Veterans who develop respiratory cancer (lung, bronchus, larynx, or trachea) and were exposed to Agent Orange or other herbicides during military service do not have to prove a connection between their disease and service to be eligible to receive VA health care and disability compensation.
Respiratory cancers are cancers of the lung, larynx, trachea, and bronchus.
Symptoms vary, depending on the location of the cancer:
Visit Medline Plus to learn more about treatment of cancer and the latest research from the National Institutes of Health.
Number one rule: Don’t smoke and avoid second-hand smoke. VA can help you every step of the way to quit smoking.
Veterans who served in Vietnam, the Korean demilitarized zone or another area where Agent Orange was sprayed may be eligible for a free Agent Orange registry health exam.
Surviving spouses, dependent children and dependent parents of Veterans who were exposed to herbicides during military service and died as the result of respiratory cancers may be eligible for survivors' benefits.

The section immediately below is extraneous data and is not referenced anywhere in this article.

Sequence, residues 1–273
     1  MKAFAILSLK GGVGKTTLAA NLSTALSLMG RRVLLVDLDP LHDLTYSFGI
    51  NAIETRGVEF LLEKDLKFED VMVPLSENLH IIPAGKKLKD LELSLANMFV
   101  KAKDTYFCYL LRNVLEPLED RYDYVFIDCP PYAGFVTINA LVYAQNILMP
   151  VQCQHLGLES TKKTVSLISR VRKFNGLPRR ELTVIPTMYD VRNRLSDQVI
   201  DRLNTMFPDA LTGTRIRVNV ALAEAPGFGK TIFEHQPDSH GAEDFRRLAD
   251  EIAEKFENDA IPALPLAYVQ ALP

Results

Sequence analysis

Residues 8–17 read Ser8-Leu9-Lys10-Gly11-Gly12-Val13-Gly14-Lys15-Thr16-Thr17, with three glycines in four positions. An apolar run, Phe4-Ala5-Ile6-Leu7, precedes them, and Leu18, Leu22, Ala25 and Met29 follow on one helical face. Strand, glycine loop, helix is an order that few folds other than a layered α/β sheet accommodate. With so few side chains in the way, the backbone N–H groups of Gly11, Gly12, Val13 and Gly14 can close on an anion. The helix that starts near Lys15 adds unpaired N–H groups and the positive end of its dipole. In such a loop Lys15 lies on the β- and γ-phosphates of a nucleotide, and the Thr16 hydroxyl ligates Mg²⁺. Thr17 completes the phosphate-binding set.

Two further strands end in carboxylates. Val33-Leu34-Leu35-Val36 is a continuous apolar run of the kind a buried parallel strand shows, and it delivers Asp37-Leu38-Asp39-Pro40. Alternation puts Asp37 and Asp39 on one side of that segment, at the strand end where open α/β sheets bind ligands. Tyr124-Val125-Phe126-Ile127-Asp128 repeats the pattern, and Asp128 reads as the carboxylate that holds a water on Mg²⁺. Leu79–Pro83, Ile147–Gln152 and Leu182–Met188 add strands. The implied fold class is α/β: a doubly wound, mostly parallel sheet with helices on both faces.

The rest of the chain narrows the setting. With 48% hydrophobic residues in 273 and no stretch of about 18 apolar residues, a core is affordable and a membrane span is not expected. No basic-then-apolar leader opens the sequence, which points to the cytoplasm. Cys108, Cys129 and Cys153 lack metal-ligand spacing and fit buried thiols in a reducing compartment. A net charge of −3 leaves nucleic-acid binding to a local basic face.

The Institute of Medicine (IOM) of the National Academy of Sciences concluded in its 1994 report "Veterans and Agent Orange: Health Effects of Herbicides Used in Vietnam" and in future updates that there is limited/suggestive evidence of an association between exposure to herbicides (2,4-D; 2,4,5-T and its contaminant TCDD; cacodylic acid; and picloram) and respiratory cancers.
In updates to this report, IOM noted that associations linking development of respiratory cancers and exposure to dioxin were found consistently only when herbicide exposures appeared to be high and prolonged.
View more research on health effects of Agent Orange.